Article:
ASSOCIATES (vol. 4, no. 1, July 1997) - associates.ucr.edu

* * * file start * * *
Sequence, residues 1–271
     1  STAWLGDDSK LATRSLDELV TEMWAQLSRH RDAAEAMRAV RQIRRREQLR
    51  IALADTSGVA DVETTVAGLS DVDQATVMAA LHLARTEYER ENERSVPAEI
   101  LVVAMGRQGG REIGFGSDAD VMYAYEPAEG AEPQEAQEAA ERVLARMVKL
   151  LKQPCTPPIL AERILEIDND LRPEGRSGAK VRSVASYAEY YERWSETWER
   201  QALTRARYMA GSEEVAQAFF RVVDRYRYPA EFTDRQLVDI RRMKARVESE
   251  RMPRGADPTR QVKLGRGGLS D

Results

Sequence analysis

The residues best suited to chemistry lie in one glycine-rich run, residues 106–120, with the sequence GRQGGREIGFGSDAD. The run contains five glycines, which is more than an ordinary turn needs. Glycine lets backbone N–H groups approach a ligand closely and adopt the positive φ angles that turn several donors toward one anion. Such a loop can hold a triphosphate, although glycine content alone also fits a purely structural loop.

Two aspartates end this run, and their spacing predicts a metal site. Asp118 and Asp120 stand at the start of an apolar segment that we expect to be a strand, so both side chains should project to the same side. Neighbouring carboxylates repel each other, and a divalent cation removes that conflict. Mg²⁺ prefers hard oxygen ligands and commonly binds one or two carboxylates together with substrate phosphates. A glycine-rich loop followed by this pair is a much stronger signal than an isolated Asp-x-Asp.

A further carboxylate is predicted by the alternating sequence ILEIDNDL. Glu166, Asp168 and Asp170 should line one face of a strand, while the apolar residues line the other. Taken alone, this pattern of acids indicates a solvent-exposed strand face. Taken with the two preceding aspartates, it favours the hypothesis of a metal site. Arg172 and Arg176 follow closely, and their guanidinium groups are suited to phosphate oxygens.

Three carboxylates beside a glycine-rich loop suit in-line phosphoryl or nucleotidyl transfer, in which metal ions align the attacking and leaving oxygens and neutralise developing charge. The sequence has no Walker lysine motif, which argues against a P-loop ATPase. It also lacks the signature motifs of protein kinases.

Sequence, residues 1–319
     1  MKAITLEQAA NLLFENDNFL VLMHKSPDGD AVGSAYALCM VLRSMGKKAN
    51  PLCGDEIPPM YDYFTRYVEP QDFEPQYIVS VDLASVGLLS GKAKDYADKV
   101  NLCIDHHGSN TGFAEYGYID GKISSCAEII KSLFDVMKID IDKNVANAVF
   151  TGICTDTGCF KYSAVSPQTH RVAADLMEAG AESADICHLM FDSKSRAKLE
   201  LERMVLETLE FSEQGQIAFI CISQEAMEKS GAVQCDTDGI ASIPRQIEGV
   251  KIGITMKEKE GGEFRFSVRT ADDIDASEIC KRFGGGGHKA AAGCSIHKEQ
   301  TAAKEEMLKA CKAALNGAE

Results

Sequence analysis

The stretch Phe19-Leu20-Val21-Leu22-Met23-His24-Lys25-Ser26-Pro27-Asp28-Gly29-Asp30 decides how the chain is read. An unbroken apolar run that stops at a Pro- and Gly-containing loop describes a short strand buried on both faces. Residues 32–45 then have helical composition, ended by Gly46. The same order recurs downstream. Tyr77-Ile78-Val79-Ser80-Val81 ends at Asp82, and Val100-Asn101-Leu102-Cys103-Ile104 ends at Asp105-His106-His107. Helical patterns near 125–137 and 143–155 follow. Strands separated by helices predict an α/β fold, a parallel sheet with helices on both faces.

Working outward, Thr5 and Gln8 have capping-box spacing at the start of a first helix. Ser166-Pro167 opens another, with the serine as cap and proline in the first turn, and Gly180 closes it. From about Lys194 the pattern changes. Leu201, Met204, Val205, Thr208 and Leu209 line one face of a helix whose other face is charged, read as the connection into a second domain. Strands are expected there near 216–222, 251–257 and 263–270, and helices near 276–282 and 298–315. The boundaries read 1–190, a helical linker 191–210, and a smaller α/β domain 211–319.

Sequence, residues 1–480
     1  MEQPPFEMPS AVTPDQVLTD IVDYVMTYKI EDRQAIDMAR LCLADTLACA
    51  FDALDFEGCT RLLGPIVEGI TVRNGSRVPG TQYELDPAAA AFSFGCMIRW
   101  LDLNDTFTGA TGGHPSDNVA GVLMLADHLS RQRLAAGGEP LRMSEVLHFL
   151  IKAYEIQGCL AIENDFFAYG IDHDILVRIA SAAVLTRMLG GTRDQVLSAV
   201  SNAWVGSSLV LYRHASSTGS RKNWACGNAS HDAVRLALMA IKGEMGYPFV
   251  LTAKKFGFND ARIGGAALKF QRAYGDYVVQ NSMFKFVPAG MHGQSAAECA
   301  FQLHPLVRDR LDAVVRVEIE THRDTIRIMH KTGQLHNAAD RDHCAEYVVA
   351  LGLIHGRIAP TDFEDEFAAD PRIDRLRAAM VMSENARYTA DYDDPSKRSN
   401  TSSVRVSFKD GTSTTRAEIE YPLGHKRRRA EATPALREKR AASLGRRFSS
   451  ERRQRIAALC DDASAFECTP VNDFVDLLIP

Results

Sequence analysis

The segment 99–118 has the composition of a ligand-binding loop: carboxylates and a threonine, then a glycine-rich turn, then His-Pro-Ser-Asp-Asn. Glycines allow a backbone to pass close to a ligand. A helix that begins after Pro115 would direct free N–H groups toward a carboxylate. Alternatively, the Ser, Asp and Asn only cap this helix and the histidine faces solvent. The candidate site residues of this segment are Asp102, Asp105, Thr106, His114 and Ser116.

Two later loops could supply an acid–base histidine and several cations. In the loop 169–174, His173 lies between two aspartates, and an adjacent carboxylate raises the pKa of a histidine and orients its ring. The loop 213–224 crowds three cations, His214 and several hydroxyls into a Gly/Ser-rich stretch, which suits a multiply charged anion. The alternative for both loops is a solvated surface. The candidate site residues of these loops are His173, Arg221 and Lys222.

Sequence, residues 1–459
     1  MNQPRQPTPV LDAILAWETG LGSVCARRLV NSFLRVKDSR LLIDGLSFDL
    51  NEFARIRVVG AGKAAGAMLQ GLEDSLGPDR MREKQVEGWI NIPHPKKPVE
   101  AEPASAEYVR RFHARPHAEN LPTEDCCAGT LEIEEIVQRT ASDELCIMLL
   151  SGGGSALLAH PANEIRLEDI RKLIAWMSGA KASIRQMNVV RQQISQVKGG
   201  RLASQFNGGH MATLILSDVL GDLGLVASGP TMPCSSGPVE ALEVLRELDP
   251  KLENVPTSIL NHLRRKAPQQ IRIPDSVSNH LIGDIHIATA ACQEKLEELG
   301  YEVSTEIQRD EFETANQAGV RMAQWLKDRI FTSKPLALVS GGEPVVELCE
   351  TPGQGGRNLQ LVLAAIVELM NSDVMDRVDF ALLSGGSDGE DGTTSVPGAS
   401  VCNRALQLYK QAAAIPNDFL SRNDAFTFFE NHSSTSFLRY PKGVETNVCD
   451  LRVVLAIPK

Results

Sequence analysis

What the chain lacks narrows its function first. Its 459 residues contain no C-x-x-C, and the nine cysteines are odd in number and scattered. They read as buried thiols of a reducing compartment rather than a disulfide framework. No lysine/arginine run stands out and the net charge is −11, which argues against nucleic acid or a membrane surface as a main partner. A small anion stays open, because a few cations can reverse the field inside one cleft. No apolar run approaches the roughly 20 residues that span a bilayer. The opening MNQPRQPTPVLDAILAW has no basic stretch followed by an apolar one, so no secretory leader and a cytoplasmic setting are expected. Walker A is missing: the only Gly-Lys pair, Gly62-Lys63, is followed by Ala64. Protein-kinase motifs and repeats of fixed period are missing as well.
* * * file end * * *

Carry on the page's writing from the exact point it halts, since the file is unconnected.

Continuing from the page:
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*SOME NOTES ON OFFICE POLITICS, SEX IN THE STACKS AND OTHER THINGS THEY DIDN'T TEACH ME IN LIBRARY SCHOOL* by Noel D. Young (The author attended Library School at Indiana University, Bloomington, and is a former Library Director who has worked in a variety of academic and public library settings.) I recently read the article from the first issue of Associates entitled "An MLS Degree: Is It the Right Thing to Do?" Over the past several years, not a few people have queried me concerning this very issue. My response has been an unmitigated, "No!" My reasons for this response, although personal, are based on a more objective view of the structural position of Librarians within the total library and information industry than that offered by the original article. The author of the above-mentioned article begins by stating that support staff (or anyone) must carefully analyze his or her motivation for deciding to pursue a MLS degree. There are several critical thinking fallacies to avoid when analyzing one's motivations. In addition to this examination of one's psychological motivations, one must also analyze sociologically the structural characteristics of the library and information industry. It is within these structural dimensions where the individual acts. First of all, library schools have a vested interest in keeping new students moving through their pipelines. One cannot logically expect library schools to counsel those bringing dollars to their place of business not to attend; they too, wish to keep their jobs. The closing and drastic reorganization of several library schools in the 1980s should make us think a bit more critically about the availability of library positions for Librarians as well as pay scales and the mobility of the degree. It is really quite absurd to have a Master's degree (and, more often than not, two), language skills in one or more foreign language, and get paid somewhere in the 20s. This ghettoization (or feminization) of the library degree is usually maintained structurally by the addition of a spouse who has at least a similar-type job in status and pay. This arrangement amounts to nothing less than a subsidy of the library "profession". A second crucial aspect to keep in mind of this structural dimension is the degree program itself. The MLS is not a liberal arts degree; rarely does one work with ideas for their own sake. Rather, the MLS is a poly-technical degree and we learn how to manage and organize things. Although there is much discussion about upgrading the status of academic librarians to that of faculty, or faculty equivalent, there is little, if any, discussion concerning the downgrading of the MLS to an undergraduate degree. (This might even make more sense for public librarians.) Most Librarian positions in academic and public libraries can be handled well by a college graduate (or less) with some library training. Further, as paraprofessionals are well aware, this training also can take place on the job. This is not to say that Master's (or even higher) degrees do not have an important place in the library. It is beyond the scope of this brief article, but I submit that the British model of librarian education (where Library Science is an undergraduate degree) has some important features that we Americans might find useful. There are good, well-meaning, and socially responsible reasons for pursuing a MLS degree and becoming a Librarian with an upper case "L." It is unfortunate that most of these reasons are easily negated by the office politics of the corporate culture, especially that found in academic libraries. We all know persons whom we believe to have been promoted to a more powerful position with more money, not through their innovative solutions or principled stances to certain organizational and personnel problems, but through their Machiavellian actions; actions ranging from yes-saying to the boss to undermining one's colleagues' work to sleeping one's way into favor. Public and academic libraries are not generally places where innovative perspectives are greeted with open arms and embraced. Indeed, more often than not, persons with alternative perspectives are viewed as "impudent young upstarts from wherever". The "wherever" is often a place recognized as "better" than that where the accuser attended library school. The accuser feels threatened and immediately defends his or her position in the hierarchy by lashing out. Again, one cannot logically expect the old guard to support changes that might negatively effect their status position, thus exposing their inadequacies and incompetencies. The old adage, "If you can't do, teach." needs to be amended: "If you can't teach, be a librarian." This can also be extended: "If you can't be a librarian, get promoted to Head of the Department." A further extension is also necessary: "If you can't be a successful Head of the Department, become the Dean of the Library." A third structural consideration in the personal motivation to pursue a library degree has directly to do with pay scale and other conditions of employment. The chances of earning a middle-class standard of living as a Librarian are not great. Geographic mobility is limited and your employment in the community is tenuous. I submit that improving one's own status in a particular library will not help to improve the status of the profession as a whole since it is closely linked to that of the entire library and information industry. When viewed from this perspective, organization of library workers for collective action might bear more fruit than individual and essentially random acts. Union workers in all industries have better working conditions than their non-union counterparts. The purpose of this article was not to refute the original article, but rather to add a sociological dimension to it. There are good reasons to pursue a MLS, but they should be tempered by the above structural considerations. It is within this social structure where individual actions are heavily influenced, often in ways that are not easily apparent. If your motivations are still pure of heart, then go for it, but you still need to be able to pay rent -- or the mortgage. As for myself, my library training has provided me with valuable and important research and organizational skills, but I would not do it again, nor would I recommend it to anyone else.